NL: When you say “frowned upon,” do you mean as a mixed race couple?
DM: Yes, an inter-racial marriage, and then having biracial children. We would get the “looks.” You can feel it.
NL: When you moved to Alabama, you were still stationed on a military base?
DM: Yes, that’s why we moved to Alabama—because his dad got stationed at Huntsville, Redstone Arsenal.
NL: Bruce has such a clear voice. Did you see that when he was growing up? Has he been like this since he was a kid?
DM: Bruce has always been very sensitive to the less fortunate. He has always been very protective of myself and his sisters. He and his sisters have been called names. His dad and I tried to teach them: When people say this to you, it’s not about you, it’s about them. It’s about them feeling threatened, it’s about them not understanding. You need to open up and try to understand. Say, “What is it about this, what is it about me that you’re having an issue with? Make me understand.” Bruce learned, as the youngest, how to deal with things. But he’s always been really protective. Especially of those that can’t speak for themselves. He doesn’t like bullying at all. His heart is honestly as big as Texas.
NL: I know you went through something enormously difficult with the backlash towards him. Can you describe that? Have you been upset about the threats?
DM: It’s a mother’s fear. You’re proud of your children, but yet you’re so fearful of the unknown, and the people of this world—the people you have no control of, and what they’re going to do. When I knew Bruce was going to be playing [last week], I didn’t know what he was going to come upon, and it made me very fearful as a mother. He always wants to say: “You know, Mom, I’m good, I’m strong, you brought me up right.” I know. But there are certain things that mothers cannot control. And those people that you don’t know, those people in society that just are not seeing the real picture—and those people that are so critical at this point in time. They have not looked any further than face value—and this goes so much deeper than that.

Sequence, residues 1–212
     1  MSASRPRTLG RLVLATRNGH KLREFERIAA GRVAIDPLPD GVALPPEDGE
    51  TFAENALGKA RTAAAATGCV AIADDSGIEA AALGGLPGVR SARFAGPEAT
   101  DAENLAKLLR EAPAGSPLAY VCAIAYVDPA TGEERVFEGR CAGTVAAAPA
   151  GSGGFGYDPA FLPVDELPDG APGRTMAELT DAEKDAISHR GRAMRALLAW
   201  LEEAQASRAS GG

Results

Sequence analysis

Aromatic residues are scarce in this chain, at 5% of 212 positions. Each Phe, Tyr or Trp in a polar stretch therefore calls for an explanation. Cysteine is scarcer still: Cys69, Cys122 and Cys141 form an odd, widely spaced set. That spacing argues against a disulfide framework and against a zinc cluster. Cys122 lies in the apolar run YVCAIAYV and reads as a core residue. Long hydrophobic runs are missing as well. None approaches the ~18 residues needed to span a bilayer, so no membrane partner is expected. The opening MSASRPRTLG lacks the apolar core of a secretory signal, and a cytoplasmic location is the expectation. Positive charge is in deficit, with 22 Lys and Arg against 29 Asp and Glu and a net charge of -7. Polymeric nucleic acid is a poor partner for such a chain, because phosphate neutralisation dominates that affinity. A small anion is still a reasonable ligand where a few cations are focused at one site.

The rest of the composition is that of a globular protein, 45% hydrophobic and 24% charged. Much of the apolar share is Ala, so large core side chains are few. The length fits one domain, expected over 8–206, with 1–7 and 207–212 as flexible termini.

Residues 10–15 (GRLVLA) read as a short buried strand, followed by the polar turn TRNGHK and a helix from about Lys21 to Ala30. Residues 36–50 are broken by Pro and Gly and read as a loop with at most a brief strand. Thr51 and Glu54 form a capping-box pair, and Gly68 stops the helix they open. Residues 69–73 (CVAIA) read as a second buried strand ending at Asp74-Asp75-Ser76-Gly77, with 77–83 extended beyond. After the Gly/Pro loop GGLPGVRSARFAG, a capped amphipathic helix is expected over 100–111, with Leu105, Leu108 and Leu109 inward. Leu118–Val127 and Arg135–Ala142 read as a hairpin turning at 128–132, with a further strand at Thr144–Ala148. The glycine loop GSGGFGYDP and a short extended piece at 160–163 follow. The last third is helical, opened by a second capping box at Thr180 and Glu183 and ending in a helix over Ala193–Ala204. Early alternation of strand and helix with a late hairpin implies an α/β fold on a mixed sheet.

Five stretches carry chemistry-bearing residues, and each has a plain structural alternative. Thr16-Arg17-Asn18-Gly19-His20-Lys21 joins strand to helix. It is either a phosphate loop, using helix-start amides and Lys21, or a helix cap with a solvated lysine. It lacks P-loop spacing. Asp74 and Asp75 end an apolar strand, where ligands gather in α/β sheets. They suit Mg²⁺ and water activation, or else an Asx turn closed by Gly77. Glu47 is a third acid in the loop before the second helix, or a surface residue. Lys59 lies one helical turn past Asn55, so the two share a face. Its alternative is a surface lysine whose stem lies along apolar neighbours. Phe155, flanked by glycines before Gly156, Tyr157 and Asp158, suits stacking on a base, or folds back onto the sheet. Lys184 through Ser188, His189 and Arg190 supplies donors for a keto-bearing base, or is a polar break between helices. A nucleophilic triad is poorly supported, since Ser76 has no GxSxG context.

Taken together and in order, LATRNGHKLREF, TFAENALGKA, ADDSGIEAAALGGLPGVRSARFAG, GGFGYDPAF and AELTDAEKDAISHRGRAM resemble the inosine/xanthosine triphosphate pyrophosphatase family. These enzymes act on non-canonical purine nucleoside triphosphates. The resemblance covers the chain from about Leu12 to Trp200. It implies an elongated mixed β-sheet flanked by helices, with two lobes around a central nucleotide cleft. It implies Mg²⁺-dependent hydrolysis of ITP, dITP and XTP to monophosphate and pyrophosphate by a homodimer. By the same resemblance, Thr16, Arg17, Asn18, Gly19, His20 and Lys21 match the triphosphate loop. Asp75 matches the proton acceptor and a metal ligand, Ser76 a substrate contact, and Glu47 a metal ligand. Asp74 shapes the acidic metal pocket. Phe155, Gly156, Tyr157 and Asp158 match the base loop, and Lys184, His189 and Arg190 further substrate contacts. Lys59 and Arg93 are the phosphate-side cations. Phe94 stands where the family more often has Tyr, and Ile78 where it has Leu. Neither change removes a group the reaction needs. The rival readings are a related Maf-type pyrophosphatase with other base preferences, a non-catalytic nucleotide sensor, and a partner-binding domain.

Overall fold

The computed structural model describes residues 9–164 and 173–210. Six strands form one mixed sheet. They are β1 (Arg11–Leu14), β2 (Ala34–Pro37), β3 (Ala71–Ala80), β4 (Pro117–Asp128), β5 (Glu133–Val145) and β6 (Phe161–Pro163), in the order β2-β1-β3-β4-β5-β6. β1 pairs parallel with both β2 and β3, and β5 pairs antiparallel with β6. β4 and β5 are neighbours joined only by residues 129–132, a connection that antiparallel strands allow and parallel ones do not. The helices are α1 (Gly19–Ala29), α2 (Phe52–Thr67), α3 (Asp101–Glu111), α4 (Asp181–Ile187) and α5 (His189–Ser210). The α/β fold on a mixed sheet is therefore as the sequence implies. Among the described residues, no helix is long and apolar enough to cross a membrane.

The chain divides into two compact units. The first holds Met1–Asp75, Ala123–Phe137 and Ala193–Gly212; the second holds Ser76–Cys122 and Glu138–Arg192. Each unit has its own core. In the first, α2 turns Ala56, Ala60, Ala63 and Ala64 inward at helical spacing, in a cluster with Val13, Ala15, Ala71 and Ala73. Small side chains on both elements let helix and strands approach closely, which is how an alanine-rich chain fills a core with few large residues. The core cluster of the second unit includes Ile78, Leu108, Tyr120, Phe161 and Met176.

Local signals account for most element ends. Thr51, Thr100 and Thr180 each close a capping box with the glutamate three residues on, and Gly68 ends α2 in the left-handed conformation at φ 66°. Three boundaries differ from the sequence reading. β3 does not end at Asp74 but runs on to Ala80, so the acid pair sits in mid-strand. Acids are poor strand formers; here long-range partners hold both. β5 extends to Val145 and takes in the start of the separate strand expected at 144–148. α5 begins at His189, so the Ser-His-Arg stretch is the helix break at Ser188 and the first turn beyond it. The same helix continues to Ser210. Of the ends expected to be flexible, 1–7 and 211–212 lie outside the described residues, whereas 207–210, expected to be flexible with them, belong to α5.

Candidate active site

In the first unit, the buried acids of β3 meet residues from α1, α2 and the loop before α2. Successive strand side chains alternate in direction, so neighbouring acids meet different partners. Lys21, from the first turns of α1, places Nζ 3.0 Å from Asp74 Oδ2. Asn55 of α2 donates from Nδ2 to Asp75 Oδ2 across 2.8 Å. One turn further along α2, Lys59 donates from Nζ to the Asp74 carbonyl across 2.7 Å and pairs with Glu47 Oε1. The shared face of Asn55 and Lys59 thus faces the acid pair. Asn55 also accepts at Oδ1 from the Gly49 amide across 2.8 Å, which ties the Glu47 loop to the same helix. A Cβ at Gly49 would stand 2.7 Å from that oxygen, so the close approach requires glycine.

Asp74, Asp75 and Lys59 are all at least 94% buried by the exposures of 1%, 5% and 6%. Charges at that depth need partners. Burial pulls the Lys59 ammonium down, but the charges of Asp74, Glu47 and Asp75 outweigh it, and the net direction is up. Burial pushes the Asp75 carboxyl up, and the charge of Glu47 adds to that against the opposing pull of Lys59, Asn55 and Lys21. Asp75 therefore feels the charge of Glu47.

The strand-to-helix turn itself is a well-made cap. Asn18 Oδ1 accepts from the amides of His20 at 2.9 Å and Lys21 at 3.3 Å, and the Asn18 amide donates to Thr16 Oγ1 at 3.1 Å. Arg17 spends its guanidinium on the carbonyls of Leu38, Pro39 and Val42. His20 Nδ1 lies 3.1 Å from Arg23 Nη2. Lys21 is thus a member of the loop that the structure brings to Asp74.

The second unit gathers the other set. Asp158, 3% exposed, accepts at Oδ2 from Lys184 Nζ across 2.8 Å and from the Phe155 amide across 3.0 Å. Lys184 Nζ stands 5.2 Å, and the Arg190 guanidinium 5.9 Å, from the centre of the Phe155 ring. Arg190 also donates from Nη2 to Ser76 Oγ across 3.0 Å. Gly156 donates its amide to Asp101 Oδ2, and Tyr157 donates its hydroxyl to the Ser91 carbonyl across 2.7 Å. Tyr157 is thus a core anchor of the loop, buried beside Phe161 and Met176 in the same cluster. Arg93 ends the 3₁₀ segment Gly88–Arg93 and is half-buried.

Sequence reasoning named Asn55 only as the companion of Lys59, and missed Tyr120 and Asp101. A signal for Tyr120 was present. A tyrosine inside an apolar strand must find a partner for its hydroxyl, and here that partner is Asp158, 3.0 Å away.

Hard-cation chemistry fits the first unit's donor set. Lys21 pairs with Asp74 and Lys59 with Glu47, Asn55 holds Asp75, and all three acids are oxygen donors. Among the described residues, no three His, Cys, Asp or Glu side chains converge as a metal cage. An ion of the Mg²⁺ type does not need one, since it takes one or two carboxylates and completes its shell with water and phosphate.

NL: Has he reassured you?
DM: Yes. My kids are always reassuring. I check in with my daughters every day, and I’ve asked them: So how many people, how many friends have you lost since all of this has come out? This shows who you truly are—a make you or break you type thing—it’ll either make you look at someone differently or embrace that person more. Bruce is like, “Mom, I’m incredibly busy.”
NL: What did he say when you last spoke?
DM: He had just gotten to the locker room, and he kind of reassured me of some things and told me a couple of things. One of his sisters had gotten some … he was just telling me to be careful.
NL: As a mother you have a unique perspective—something we all can relate to. We’re all united in our humanity. We’re all mothers or have mothers.
DM: Because you’re talking about someone’s child. Oh my God, do people not think about that?
NL: Have you engaged with any of Bruce’s critics online?
DM: Someone on Facebook posted, “Some of these ingrates that kneel at the national anthem.” I said, “Are you calling my son an ingrate?” And he responded, “I’m sorry, I don’t know who your son is.” He quickly quieted down when I showed him Bruce’s story. He didn’t say another word after that.
NL: I know you were nervous before last night’s game. Did you see the whole marching band kneel?